Babies can be a blessed event, but not if things aren’t going well. Gestation in dogs and cats lasts about 63 days. Normally the mother’s temperature drops about one degree the day before having babies. Discharge from the vulva will be seen when the time has come for delivery. Mothers need lots of privacy and should not be the center of attention, this will only slow things down. Contractions can be seen on the mother’s side and if she has had contractions for 45 minutes without producing a puppy, something is stuck and she needs to come in. Half of puppies and kittens are born breech, so that is not an abnormal presentation. Sometimes several hours can pass between babies. If mom doesn’t clean the babies up well, you can remove them from the placental sac and give them a good rub down. The umbilical chord can be tied with thread or fishing line and cut, and the placenta can be thrown away. If a baby gets stuck, you can apply gentle traction with contractions to help things along but if you aren’t successful, an immediate veterinary visit is in order. If all goes well, mom and puppies should be seen on the day after delivery for a clean out shot and check over.

There are many issues that “complicate” delivery. Delivering one baby can be exhausting (ask any mother), but trying to deliver 6 is tiring to even think about. Some mothers have simply exhausted their ability to push any longer. For these patients, rehydrating fluids with a little dextrose (glucose - sugar) and calcium to “re-prime” the muscles of the uterus along with oxytocin (“Pitocin” drip) is all that is needed to get things moving again.
Successful stimulation of contractions, does not however guarantee the delivery of a baby. And delivery of one baby does not guarantee that all will be successfully delivered. Babies that get stuck halfway out of the birth canal may benefit by an episiotomy. Babies that get stuck prior to, or within the birth canal are left with few options other than a cesarean surgery (C-section).

While not always completely accurate, radiographs also help give a general idea of the number of babies that should be expected and confirm that they are likely far enough along to survive delivery. Pre-anesthetic blood work helps determine if there are any underlying conditions that may complicate the anesthesia or surgery for the mother or the babies. Ultrasound can be used to determine if the babies are alive prior to surgery (though even if they are not, it only increase the need to have them removed).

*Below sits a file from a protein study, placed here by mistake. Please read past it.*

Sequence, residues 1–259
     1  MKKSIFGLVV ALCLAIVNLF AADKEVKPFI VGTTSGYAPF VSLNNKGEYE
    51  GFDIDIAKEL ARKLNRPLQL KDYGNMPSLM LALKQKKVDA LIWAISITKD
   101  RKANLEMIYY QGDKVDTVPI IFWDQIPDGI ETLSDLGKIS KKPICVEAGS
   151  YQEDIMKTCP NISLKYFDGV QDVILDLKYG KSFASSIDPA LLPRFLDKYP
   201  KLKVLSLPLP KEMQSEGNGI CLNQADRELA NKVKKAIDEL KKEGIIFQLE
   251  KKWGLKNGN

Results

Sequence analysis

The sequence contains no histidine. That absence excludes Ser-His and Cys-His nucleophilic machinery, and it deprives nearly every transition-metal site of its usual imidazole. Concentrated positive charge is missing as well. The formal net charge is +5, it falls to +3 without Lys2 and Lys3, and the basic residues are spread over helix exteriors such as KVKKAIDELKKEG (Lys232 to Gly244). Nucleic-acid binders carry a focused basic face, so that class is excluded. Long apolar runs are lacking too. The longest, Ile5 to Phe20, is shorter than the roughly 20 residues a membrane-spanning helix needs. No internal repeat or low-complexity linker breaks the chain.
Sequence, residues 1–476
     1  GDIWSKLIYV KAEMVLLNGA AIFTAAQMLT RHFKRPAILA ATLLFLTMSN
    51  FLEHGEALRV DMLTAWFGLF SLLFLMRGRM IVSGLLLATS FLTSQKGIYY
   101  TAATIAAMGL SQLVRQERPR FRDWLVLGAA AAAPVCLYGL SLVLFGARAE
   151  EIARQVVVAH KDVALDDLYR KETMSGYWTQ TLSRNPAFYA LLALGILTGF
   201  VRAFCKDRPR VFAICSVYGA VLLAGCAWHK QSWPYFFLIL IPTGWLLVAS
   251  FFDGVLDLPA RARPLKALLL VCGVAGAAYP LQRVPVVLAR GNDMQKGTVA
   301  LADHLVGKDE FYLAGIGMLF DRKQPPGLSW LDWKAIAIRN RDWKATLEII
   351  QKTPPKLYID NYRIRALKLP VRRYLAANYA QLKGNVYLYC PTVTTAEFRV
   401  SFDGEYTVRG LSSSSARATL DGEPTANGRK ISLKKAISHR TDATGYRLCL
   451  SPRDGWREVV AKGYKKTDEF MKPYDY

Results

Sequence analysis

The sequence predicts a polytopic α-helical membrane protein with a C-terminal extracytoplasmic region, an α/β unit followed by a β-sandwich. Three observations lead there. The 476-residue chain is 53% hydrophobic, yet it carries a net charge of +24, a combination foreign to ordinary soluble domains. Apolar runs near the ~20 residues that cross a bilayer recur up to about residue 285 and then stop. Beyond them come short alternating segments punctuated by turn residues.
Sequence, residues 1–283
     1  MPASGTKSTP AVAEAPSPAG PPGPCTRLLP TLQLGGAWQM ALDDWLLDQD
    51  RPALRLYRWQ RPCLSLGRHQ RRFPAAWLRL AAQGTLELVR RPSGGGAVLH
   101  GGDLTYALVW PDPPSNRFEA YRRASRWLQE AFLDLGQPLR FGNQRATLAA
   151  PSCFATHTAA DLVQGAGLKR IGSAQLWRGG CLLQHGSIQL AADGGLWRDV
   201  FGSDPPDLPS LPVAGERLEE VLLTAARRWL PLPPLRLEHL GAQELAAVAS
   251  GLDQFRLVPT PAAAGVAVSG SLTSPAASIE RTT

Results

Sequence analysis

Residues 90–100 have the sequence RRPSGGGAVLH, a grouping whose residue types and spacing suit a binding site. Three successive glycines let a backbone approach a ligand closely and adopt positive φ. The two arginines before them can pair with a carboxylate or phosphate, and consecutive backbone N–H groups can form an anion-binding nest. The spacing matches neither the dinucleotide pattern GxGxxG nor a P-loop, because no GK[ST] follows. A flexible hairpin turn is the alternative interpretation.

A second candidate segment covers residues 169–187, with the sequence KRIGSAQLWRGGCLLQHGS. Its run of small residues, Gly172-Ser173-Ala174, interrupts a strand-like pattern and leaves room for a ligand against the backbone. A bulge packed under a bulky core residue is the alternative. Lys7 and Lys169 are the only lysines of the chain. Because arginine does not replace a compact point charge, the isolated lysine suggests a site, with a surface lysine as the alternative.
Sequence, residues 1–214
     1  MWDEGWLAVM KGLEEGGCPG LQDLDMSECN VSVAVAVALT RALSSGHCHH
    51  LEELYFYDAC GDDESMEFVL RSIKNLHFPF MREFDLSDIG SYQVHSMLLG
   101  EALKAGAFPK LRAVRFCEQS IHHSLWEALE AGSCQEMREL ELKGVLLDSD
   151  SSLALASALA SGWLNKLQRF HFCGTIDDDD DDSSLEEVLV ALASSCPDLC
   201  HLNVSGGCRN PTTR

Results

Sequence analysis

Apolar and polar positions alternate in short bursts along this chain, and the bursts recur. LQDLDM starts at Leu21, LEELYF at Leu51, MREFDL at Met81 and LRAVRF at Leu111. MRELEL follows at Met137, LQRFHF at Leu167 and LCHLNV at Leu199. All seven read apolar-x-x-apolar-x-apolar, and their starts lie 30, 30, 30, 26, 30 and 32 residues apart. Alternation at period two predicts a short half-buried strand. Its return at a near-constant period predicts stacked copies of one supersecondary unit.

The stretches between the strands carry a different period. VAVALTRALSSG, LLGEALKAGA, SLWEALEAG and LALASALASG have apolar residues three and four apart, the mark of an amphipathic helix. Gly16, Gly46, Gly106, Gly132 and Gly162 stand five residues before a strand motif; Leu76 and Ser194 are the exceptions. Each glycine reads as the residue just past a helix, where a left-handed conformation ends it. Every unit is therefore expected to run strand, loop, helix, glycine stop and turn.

General anesthesia is usually required along with IV fluids to help maintain mother’s blood pressure while laying on her back for surgery with the weight of all the babies on her aorta (primary artery running down the body). An incision large enough to exteriorize the entire uterus is made in the abdominal wall and the uterus is lifted out of the body, off the aorta. Once out, the uterus is cut open and babies removed. After removal, the babies are taken to a resuscitation area to be cleaned and stimulated to start breathing on their own. Mom’s uterus can either be sewn up (to allow for future breeding) or removed, (ovariohysterectomy or “spay”), to prevent future pregnancies. After, being sewn up, mom is returned to the ICU recovery area and started on post operative pain medicine. Once awake, the puppies will be returned to her for imprinting and nursing care that only she can provide.

We recommend a pre-breading checkup as well as Pre-Natal vists at 3 weeks and 6 weeks post breading.

Hopefully, “delivering” this information will help keep get you informed for an upcoming blessed event.

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